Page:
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Sumerian Empire


Occurrences:  3

First Reference:  Commentary only



See:  Cain, Sethian Empire, Sumer, Yasher-Baal


Summary:  Located in the fertile crescent of ancient Mesopotamia, the Sumerian Empire had its beginnings with the first city of Sumer, referred to as the “mother of nations and of war” (B:6:15,18). Sumer was established (c. 12,700 BCE) along the banks of the Euphrates river by Cain, the first son of Adam and Eve. Thriving for centuries, Sumer became a hub for trading and commerce amidst other lesser cities that rose up throughout the lands of Mesopotamia. The Sumerian Empire came to include the cities of Kish, Shinar, Uruk, Babel and Calneh (B:12:5). At some point (perhaps between 10,000 — 9,000 BCE), it’s safe to assume there was interaction and trade between the Sumerian Empire and the Sethian Empire — the foundations of which were established by Seth in the lands of Egypt (1:3:22-30).


Soon after the city of Zion was established by Enoch in the lands of Sumer, Cain was murdered by his son, Yasher-Baal, who immediately assumed the throne and initiated an aggressive military campaign to expand the power and dominion of Sumer (Beginnings 6—7). Implementing an oppressive aristocracy empowered by a harsh judicial system, Yasher-Baal overthrew the leadership of neighboring city-states and appointed his sons as kings (c. 8,780 BCE). Due to various failed military and personal endeavors — especially his unsuccessful siege against the city of Zion — Yasher-Baal went mad and abandoned his position as King of Sumer. The vacuum created a power struggle that ultimately led to civil war and collapse of the first Sumerian Empire (Beginnings 18–19).



Azrael’s Commentary — Maciah; para. 1

...For after the loss of Zion, and with the collapse of the Sumerian Empire, many of the Adaam who had once followed Cain and Yasher-Baal decided to rejoin themselves with the last remnants of the Sethian Empire (AZC — Maciah).



Azrael’s Commentary — Methuselah I; para. 4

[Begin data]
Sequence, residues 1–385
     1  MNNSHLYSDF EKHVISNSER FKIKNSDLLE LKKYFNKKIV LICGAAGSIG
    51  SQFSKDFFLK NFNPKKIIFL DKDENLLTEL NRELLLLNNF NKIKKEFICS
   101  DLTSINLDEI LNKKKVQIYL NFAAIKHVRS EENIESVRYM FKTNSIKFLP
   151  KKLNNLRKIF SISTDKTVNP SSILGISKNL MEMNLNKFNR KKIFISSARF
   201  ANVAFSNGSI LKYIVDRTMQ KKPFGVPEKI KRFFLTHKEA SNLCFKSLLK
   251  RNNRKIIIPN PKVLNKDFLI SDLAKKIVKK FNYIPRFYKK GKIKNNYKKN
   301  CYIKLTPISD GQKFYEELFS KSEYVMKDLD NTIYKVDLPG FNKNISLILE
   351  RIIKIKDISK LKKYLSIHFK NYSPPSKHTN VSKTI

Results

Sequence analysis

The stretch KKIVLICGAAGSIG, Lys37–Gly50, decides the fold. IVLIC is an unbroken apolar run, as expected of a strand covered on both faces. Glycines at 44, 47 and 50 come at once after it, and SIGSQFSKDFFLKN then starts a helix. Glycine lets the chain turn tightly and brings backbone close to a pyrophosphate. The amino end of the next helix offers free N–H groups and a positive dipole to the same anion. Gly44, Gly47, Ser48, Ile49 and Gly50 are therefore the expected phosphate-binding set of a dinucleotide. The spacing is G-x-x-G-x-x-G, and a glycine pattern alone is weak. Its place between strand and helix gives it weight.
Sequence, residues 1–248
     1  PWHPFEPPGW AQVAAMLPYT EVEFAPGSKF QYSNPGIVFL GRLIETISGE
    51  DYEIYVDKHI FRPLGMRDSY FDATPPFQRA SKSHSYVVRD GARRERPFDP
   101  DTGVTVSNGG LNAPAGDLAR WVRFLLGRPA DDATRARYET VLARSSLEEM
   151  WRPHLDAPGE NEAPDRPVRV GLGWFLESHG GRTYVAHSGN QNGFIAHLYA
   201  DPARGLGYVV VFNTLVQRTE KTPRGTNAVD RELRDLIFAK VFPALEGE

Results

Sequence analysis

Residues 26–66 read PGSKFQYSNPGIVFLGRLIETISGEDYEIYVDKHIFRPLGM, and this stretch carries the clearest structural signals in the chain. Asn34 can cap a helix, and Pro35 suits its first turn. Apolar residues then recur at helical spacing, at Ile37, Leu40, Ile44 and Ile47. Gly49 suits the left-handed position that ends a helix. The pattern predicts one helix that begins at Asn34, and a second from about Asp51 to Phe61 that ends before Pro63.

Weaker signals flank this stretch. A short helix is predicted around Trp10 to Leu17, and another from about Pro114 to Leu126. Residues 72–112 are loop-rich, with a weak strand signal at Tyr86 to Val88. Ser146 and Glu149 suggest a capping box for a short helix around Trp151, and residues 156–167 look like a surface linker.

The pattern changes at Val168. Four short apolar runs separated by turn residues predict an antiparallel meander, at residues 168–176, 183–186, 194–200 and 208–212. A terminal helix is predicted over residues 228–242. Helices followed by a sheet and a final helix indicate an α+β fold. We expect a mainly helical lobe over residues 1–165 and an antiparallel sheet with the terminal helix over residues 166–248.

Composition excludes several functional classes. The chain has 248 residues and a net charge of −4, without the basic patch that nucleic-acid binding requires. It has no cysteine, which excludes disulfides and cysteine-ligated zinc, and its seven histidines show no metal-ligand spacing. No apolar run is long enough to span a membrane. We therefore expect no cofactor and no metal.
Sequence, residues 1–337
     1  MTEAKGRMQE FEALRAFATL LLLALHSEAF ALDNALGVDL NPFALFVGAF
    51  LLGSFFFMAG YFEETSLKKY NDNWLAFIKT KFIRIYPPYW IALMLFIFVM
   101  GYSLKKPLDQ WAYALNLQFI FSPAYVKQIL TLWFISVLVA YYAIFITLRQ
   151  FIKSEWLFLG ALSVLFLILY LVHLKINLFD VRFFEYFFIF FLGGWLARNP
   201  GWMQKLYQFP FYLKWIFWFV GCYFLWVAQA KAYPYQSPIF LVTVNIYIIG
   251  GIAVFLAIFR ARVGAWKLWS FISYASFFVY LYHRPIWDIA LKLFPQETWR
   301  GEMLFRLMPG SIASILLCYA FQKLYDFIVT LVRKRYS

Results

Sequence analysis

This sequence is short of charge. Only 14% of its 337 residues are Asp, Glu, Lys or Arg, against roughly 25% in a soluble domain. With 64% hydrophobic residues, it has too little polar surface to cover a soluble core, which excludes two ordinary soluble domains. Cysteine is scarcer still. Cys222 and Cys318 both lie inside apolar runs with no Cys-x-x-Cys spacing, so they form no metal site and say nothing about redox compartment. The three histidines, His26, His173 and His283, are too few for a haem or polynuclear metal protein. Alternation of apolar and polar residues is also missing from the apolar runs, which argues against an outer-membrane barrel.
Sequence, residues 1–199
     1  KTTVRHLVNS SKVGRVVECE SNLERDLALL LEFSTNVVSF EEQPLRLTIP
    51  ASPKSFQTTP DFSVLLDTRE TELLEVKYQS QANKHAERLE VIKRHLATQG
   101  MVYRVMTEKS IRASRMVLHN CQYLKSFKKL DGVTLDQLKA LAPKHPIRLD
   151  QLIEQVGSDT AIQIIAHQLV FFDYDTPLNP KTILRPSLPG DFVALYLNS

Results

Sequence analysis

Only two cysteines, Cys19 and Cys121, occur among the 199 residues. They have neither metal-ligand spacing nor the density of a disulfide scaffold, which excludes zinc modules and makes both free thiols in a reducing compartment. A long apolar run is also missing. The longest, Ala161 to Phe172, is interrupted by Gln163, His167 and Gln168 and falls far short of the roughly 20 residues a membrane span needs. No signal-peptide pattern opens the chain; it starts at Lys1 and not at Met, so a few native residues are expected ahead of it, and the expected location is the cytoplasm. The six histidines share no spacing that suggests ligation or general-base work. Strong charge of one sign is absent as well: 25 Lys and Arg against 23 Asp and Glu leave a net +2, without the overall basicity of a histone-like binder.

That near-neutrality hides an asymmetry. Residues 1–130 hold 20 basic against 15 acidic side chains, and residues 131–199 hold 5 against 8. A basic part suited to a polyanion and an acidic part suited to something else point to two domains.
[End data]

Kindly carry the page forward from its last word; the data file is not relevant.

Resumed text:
[...] The mission of Methuselah in Mesopotamia lasted only forty years. The mission to Egypt lasted for 200 years. The reason for this disparity between missions is simple. The Adaam, who followed Cain and Yasher-Baal, were concentrated near the known cities of the Sumerian Empire. The Adamic remnants of the Sethian Empire were scattered far and wide throughout Egypt; and adding to this difficulty, the remnants of the Sethian Empire hid their settlements in an attempt to escape the wrath of their arch-enemy, Ahgah Eaton. [...]



Azrael’s Commentary — Methuselah II; para. 1

Methuselah grew up in a pleasant Adamic village called Pelaree where he loved to fish on the Sea of Galilee. But after his father’s death, he moved to Mount Moriah where he met a strange giant of a man who suffered from madness. This man was none other than Yasher-Baal. Methuselah befriended Yasher-Baal and over a period of years, Yasher-Baal recovered from his dementia. Yasher-Baal proved helpful to Methuselah in the writing of a complete and comprehensive history of the Adamic Age. This history included a complete account of Adam and Eve, the great division of the Adaam, and a subsequent history of both the Sethian Empire and the Sumerian Empire. Yet, despite this friendly collaboration, Methuselah could not reconcile Yasher-Baal to God; and sometime after the history was completed, Yasher-Baal simply walked away and was never heard from again. This history of the Adamic Age was presented in a 14-volume set of books. [...]





Sun of Man